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'Unseen middle child' furious when 'golden child' steals her thunder as adults. AITA?

'Unseen middle child' furious when 'golden child' steals her thunder as adults. AITA?


Growing up in the shadow of a golden child is rough, but hopefully that will get better once everyone is a grown up. Right? Right?

According to one young woman who came to Reddit, nope.

'AITA for telling my sister why I'm acting cold during family dinner that was thrown in MY honour after she made it about herself?'

Throwaway227839484 writes:

I (25F) am the middle child in our family of 3 siblings (Alison -28F; Jake - 22M). Sadly I am the stereotypical unseen middle child while Alison is the golden daughter. She literally cannot do anything wrong based on my parents' opinion.

I opened up a new bakery in our town. My mom invites the whole family for dinner once in a while and this time she said the dinner was in my honour, to celebrate my new job. Which was sweet and I was pelasantly surprised.

How lovely!

Alison lives in a different city. When she came home for dinner, she was not alone. She had her girlfriend (Elizabeth - 30F) with her.

Now Alison is a playgirl who uses her law degree to get laid (even on my friends back in the day) but she never brought her girlfriends home. She did this time and everyone's attention was on her.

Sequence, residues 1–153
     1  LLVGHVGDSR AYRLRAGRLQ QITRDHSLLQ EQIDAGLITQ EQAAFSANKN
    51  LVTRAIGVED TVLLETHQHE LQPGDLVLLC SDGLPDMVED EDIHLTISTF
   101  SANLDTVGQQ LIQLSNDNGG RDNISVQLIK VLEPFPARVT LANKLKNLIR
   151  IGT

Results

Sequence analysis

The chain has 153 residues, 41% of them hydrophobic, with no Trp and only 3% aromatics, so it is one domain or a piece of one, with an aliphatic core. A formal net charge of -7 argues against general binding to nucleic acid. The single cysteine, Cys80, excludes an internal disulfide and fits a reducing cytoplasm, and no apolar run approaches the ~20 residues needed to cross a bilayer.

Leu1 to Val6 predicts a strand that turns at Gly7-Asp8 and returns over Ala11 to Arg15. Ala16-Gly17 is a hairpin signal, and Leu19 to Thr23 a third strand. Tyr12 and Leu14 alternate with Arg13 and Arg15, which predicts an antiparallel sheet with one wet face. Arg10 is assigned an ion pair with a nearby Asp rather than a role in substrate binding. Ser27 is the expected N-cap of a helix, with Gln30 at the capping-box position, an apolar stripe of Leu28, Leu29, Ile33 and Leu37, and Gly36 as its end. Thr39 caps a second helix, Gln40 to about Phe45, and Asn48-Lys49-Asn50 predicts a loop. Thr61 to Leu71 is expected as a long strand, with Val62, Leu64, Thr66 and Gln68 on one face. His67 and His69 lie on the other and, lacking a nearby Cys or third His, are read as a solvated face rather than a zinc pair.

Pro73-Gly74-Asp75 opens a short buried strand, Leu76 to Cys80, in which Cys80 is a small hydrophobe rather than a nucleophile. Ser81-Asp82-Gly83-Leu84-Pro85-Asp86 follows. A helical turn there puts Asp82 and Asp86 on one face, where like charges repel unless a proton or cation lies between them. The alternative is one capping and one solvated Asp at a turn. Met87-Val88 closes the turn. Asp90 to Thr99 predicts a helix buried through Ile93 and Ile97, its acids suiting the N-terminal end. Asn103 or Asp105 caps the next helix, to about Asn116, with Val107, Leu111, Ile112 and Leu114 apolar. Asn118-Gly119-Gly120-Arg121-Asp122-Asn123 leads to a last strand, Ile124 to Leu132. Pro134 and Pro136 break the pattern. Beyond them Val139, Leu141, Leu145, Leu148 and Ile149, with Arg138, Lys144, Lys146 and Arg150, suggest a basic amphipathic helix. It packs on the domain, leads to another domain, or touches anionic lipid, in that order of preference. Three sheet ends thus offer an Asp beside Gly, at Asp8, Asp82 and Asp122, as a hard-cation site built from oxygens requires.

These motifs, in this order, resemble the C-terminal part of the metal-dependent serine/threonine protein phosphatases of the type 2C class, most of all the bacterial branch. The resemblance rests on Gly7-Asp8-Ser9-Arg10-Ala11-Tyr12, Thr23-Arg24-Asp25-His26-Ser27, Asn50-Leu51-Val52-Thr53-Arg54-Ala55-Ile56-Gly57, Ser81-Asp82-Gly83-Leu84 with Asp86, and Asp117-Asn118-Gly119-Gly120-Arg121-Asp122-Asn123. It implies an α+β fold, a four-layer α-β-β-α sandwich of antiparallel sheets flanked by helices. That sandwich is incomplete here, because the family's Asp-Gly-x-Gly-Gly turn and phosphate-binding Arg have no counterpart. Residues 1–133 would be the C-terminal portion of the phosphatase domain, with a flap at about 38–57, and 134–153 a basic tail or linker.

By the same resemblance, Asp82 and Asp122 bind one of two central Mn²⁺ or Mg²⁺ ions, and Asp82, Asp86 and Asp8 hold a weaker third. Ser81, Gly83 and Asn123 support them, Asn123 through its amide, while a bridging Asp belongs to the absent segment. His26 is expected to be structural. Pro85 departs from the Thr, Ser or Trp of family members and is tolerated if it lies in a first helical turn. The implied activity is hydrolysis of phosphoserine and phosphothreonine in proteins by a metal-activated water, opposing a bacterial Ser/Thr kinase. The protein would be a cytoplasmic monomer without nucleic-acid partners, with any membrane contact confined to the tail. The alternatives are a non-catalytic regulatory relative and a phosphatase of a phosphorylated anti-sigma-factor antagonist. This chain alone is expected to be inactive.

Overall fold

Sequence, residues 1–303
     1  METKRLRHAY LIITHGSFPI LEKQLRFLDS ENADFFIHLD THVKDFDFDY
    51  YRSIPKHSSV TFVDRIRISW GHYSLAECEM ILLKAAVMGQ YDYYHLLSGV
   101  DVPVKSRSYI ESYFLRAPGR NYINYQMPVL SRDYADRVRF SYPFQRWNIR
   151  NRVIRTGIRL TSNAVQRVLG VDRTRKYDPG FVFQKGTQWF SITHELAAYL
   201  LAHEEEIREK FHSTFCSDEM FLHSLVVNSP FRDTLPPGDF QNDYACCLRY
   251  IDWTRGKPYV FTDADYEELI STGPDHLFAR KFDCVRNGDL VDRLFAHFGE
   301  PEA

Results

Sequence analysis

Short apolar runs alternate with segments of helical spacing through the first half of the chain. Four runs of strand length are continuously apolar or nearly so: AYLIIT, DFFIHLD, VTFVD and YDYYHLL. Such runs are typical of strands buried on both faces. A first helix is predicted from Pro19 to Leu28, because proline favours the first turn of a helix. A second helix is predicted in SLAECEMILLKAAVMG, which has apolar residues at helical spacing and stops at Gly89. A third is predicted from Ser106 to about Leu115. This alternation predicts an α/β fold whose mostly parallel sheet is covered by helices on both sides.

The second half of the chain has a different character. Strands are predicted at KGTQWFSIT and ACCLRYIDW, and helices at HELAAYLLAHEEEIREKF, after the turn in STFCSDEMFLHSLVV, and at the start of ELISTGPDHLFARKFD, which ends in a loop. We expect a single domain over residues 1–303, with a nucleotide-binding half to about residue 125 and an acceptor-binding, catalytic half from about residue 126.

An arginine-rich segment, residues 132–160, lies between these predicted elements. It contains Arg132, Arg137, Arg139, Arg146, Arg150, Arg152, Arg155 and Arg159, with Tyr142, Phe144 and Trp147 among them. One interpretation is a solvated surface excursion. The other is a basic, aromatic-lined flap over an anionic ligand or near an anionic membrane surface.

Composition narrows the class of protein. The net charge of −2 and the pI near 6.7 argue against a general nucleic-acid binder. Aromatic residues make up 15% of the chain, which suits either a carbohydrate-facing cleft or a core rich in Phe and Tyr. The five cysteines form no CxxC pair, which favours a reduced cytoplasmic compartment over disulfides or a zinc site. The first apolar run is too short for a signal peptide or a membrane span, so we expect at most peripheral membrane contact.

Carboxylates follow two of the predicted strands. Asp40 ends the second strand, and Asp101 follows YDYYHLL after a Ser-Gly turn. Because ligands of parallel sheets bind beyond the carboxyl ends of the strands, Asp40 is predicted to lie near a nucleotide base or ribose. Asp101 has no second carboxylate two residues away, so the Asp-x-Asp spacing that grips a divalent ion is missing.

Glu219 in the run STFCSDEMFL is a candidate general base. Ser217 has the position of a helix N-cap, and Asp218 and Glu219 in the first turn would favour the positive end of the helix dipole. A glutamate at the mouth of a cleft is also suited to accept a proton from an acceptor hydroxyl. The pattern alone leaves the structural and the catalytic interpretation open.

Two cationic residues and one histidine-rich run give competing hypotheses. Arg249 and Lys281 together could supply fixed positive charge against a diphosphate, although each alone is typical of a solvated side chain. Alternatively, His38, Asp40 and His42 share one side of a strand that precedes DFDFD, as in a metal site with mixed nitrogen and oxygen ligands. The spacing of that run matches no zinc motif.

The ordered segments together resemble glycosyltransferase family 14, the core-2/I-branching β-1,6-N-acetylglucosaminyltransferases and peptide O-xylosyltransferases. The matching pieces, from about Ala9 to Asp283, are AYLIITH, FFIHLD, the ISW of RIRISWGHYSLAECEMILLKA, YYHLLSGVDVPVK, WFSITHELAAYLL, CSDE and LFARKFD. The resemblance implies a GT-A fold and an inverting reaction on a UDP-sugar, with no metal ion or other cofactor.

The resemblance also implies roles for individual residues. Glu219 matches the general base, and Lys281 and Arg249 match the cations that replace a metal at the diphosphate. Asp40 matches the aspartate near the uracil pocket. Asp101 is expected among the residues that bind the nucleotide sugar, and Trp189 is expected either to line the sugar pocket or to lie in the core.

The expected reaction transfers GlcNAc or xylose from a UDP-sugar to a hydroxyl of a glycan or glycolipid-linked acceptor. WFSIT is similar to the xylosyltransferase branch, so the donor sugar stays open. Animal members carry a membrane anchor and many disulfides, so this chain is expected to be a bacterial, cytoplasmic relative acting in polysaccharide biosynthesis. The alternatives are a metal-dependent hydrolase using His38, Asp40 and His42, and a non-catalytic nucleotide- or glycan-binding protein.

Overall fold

Through the whole dinner, there was only one mention of my bakery, ironically it was from Elizabeth. The rest was spent on getting to know Elizabeth and her job, interests, how she met Alison, etc. It also didn't help that she was a psychiatrist and everyone had questions.

I was beyond pissed. She could've brought her home any other time but chose this one time that our parents decided to acknowledge me.

Ah, so OP is thinking she did this on purpose...

So I was cold throughout the dinner. Not that anyone really cared.

At the end of the night, Alison asked me why I was sulking. I told her the truth and I said she managed to make this about herself as well, that she couldn't live if the spotlight wasn't on her.

She told me I should be happy for her because she's fallen in love and is extremely happy with her girlfriend and wanted her to be a part of this celebration.